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How can I help young neighbour?

(12 Posts)
Orangedog Thu 16-May-19 10:33:22

My young neighbour's partner has split up with her and moved out all in the space of 12 hours, leaving her and her daughter (not his, from previous relationship) quite distraught. The little girl is 3 and has got it into her head that he has left because he no longer "wants her" or "loves her", despite us telling her its just that he doesn't want to be with mummy anymore.

He kept borrowing money from my neighbour despite her not working as she is studying at university and I think it reached breaking point and she said no to him asking, so he left.

Neighbour is in her early 20s and it's thrown her for quite a loop, she didn't expect to break up and has exams shortly. She's also a bit panicked that she has to see him again as he has left a few important things that he wants back in the house.

I don't know what I can do to help, her parents live quite far away and she doesn't seem to have many friends as she isn't very social with people her own age and prefers to pop round ours and a few other neighbours' when she needs a chat.
I'm actually very concerned about her, she seems to be a bit vulnerable.

What can I do, if anything, to help her and her daughter?

midgey Thu 16-May-19 10:42:19

Most importantly I think you can just be there! It must be a relief to at least have a supportive neighbour.

EllanVannin Thu 16-May-19 10:44:41

At this early stage nothing you say or do will have much of an impact if any as the young girl's head will be all over the place. If you're in any position at all to perhaps have the youngster for the odd hour or two until her mother sorts her head/thoughts out then you could try offering your help in that way ?

Oldandverygrey Thu 16-May-19 10:46:51

Orangedog - I am in a similar situation to yourself, two children under a year old in this case. I offer to shop, iron and do anything I can to make my neighbour's life easier.

eazybee Thu 16-May-19 10:51:22

Be available, to listen but not to pass judgement.
Offer to have her small daughter if she has exams looming, or babysit and make a quiet space available in your house for her to revise.
Offer to 'be about', ie in the garden when he comes to collect his things so she knows someone is within calling distance if necessary.
Check she is OK each day as unobtrusively as possible.
Kind of you.

Starlady Thu 16-May-19 11:04:06

Orangedog, what a kind neighbor you are! You, too, Oldandverygrey!

So sorry for what these young women are going through! And to disrupt someone's life just before exams, how cruel!

I think you've been given excellent advice, Orangedog. Can't add anymore, except if everyone keeps telling the child it's not her fault, eventually, she'll probably come to believe it. And, of course, be as kind to her as possible, and praise her whenever possible to build her confidence.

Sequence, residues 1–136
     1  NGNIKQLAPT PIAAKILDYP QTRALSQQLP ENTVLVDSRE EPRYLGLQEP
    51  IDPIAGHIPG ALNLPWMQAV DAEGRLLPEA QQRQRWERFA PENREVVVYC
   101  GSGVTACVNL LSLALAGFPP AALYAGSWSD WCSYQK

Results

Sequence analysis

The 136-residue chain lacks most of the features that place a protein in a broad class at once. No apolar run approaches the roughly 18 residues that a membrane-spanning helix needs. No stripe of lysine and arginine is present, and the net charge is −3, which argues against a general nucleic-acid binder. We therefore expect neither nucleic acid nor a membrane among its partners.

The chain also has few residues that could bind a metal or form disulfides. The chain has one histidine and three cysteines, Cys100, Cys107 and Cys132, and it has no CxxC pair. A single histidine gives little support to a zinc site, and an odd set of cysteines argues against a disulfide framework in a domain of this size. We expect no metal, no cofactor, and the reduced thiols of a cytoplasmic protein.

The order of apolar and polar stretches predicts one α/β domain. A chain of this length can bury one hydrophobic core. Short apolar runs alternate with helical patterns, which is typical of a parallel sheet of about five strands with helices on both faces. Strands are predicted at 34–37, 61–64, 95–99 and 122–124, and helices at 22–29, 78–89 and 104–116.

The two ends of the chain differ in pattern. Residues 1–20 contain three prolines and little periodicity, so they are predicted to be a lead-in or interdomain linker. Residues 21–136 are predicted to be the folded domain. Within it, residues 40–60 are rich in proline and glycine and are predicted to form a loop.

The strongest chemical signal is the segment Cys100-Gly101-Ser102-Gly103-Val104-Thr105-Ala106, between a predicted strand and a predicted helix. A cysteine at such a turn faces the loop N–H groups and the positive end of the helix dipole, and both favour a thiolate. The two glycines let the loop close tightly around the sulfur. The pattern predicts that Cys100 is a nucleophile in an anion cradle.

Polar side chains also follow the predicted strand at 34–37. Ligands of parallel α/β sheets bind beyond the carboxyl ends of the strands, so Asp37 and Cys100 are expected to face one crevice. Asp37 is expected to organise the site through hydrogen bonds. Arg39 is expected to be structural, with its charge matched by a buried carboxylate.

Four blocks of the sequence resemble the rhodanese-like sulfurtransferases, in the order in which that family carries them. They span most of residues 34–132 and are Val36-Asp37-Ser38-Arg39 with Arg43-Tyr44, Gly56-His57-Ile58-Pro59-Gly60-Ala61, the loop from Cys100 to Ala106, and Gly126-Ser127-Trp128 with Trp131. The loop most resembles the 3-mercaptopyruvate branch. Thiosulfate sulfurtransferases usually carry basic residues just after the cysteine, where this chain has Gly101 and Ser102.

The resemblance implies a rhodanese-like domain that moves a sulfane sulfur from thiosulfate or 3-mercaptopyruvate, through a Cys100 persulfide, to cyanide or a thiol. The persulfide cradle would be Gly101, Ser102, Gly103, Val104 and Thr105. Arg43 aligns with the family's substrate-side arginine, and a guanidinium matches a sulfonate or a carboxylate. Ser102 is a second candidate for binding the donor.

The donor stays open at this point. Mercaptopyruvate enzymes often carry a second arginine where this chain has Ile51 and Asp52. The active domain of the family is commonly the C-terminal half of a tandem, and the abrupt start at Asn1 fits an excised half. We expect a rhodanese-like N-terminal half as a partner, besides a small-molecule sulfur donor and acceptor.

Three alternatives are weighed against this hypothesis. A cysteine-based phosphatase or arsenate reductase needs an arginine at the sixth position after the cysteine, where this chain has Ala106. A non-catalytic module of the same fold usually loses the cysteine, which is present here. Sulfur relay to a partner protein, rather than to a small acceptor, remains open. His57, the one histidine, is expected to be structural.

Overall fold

Doodle Thu 16-May-19 11:28:36

You sound such a kind person. What about offering to put ‘his’ possessions in your garage or shed so he doesn’t have to go into her house to get them. As others have said, offer to babysit her daughter but mostly I think just continue to be you as you sound so kind and thoughtful I am sure she will be comforted by having you to talk to.

vissos Thu 16-May-19 12:08:28

Could you have the child, or take her out so she doesn't see the partner come & go again? If that's a good idea (non-parent here).

NanaandGrampy Thu 16-May-19 12:13:43

I really like Doodles idea of relocating his possessions then she wont have to face him.

Other than that , just being kind and supportive is perfect. Perhaps offer to have the little one whilst she gets some study in and reassure both of them they have someone who cares.

Good luck,

sodapop Thu 16-May-19 12:15:07

I think the fact that you care about them both must already be helping Orangedog
Some other good ideas on here, help with baby sitting whilst Mum studies, have them over for a meal. Don't overdo it though as your neighbour needs to remain independent.
She is lucky to have such a caring neighbour/friend.

Sara65 Thu 16-May-19 12:50:07

You sound like you’re doing plenty already, I’d have loved to have had a neighbor like you, when I was young .

Just knowing there’s someone there she can rely on, must be such a comfort to her

DillytheGardener Thu 16-May-19 17:44:53

I agree, what a nice neighbour you are. When I was a mum, I was overwhelmed just with my husband away all day at work. this poor young lass has no support or respite and obviously trying to educate herself and better her and her daughters lot. I’d offer baby sitting, even if it’s in their home and you watch telly and play games with baby, and batch cook some food. A simple Thai chicken curry maybe that reheats well? Spaghetti sauce? The guy sounds like a right so and so. Maybe sit on the porch like an old cowboy and threaten him off with your rifle (garden hose) if he returns?